Here are what I see as the potential benefits of the keto diet:
Fast weight loss. The ketogenic diet is known for helping people, especially those with a lot of weight to lose, drop fat very quickly.
Reduced hunger and cravings. Most people report never feeling hungry once their bodies have reached a state of ketosis. This makes it easy to eat less.
Improved insulin sensitivity. The ketogenic diet is a diabetic’s dream…if you can get into and stay in ketosis, of course…more on that in the “cons”.
In some people, the ketogenic diet improves cholesterol and blood pressure.
Slowed cancer growth. Sugar feeds cancer. Since the keto diet is zero sugar and very low carbohydrate, the growth of certain types of cancers may stall.
Potential cure for epilepsy. The ketogenic diet has been used for many years to successfully control epileptic seizures.
Cons of the Ketogenic Diet
In my opinion, the biggest downfall of the ketogenic diet is how incredibly restrictive it is. Have you ever been on a diet and fallen off the wagon? Most of us have. To keep your body in the state of ketosis, you cannot fall of the wagon….not even a little….not even once.
To make keto a lifestyle you have to give up many enjoyable foods (listed below) pretty much forever. If you end up deciding that keto isn’t for you and decide to go back to your normal routine, you’ll regain any weight you lost. For keto to work you’re looking at a lifetime commitment and making very few dietary mistakes and “slips” along the way. Last time I checked, I “slip up” and fall face-first into a glass of wine and some ice cream at least once a week…bye bye keto!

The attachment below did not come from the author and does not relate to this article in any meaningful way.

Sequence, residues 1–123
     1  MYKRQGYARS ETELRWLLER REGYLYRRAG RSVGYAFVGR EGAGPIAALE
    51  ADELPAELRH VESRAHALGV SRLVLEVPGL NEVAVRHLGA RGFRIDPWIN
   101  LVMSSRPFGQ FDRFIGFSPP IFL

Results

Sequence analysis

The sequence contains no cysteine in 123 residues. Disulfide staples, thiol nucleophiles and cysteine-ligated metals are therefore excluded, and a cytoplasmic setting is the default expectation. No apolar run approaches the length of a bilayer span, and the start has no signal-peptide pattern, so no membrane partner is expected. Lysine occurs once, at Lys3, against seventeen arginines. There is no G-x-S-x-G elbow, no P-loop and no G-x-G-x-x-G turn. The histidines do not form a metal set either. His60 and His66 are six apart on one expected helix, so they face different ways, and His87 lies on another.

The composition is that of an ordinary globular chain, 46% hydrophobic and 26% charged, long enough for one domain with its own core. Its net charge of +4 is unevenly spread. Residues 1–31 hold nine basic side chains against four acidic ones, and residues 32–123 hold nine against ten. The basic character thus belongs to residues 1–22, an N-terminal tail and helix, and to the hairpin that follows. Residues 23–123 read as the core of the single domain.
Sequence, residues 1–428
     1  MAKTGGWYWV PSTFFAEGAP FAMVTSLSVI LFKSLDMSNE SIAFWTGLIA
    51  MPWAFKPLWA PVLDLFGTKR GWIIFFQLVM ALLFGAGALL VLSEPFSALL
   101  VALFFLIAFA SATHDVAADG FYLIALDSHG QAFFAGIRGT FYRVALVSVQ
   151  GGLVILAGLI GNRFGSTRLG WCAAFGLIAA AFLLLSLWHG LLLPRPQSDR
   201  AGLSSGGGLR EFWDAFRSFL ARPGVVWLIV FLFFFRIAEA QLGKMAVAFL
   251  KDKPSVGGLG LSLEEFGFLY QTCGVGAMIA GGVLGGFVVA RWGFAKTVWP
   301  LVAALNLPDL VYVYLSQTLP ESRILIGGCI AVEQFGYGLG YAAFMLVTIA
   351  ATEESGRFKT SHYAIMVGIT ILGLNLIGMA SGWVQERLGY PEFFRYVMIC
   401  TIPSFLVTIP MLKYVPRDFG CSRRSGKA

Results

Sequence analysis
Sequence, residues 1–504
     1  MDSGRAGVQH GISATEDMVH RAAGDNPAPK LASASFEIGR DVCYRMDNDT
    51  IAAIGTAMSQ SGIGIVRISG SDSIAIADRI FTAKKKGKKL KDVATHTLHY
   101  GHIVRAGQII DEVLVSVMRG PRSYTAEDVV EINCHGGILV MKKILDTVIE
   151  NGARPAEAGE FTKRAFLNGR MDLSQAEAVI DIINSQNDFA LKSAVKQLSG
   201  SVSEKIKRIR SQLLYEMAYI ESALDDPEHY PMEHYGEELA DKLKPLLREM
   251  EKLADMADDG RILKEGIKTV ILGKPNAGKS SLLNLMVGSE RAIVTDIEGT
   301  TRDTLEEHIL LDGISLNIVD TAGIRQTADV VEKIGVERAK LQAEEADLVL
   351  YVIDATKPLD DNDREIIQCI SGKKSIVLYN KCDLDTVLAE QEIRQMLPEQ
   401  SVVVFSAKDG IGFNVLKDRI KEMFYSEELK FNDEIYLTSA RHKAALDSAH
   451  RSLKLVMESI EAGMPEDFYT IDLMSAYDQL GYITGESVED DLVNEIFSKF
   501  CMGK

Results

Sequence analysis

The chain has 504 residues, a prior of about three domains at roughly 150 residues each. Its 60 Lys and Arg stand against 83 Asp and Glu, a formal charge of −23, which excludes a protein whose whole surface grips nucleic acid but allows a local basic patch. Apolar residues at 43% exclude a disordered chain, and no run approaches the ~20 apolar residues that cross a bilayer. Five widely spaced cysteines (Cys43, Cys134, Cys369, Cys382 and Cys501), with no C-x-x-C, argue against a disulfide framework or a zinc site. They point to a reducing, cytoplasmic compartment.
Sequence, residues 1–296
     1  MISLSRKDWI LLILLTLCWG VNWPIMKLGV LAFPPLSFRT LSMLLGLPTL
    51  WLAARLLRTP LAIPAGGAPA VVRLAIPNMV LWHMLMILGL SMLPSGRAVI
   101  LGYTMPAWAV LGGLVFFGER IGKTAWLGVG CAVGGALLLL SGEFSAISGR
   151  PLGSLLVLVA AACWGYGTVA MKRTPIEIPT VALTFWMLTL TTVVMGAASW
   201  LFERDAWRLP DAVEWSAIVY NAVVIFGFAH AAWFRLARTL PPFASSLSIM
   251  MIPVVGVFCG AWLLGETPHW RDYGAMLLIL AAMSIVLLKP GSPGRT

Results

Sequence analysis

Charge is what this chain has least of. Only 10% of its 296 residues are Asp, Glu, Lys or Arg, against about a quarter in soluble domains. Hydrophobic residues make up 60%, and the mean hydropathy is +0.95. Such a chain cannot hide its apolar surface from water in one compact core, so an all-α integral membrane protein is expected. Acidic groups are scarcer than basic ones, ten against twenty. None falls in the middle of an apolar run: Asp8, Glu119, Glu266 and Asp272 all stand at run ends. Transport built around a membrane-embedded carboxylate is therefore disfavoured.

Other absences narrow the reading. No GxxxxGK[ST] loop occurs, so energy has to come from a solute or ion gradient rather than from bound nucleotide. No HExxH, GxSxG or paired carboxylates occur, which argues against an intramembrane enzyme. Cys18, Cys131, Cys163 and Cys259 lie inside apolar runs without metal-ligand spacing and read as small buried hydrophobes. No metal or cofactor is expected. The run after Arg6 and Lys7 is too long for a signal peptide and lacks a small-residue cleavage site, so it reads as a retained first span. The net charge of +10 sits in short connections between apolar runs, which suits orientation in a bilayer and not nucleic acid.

More Cons of Keto
Obviously unhealthy foods like cookies and pizza are off the table, but many healthy foods are too. Beans, squashes, apples, bananas, grapes, oatmeal…even tomatoes and carrots tend to be too high in carbs and sugar for the ketogenic diet. Talk about restrictive!
If you stop doing the keto diet, or “fall off the wagon”, you will regain all the weight you lost. Keeping the weight off using any extreme diet requires a lifetime commitment to that diet.
You MUST track macros. If you think tracking calories or points is laborious, you haven’t seen anything yet.
You MUST test to be truly sure you have reached ketosis. This means daily urine, blood, or breath testing to make sure you are in and maintaining a state of ketosis. Many people claim to be able to tell when they are in ketosis, and once you’ve done it long enough, this is probably true. However, if your body is not in ketosis, you will not reap the benefits, so testing is important, especially initially.
It can take up to 2 weeks to get into the state of ketosis. During that time, most people feel pretty crappy. It’s called “keto flu”. Look it up.
Planning, prepping, and cooking are an absolute MUST! You can no longer just stop somewhere for lunch or dinner or have a few crackers in a pinch! So if you’re super busy, not very organized, or hate to cook and prep food, keto is not a great option!
Social situations, parties, and eating out take on a whole new level of anxiety because you absolutely must pre-plan for those situations or risk being forced out of ketosis. This often means bringing your own food to family BBQ's and skipping the cake and ice cream at your daughter's birthday party.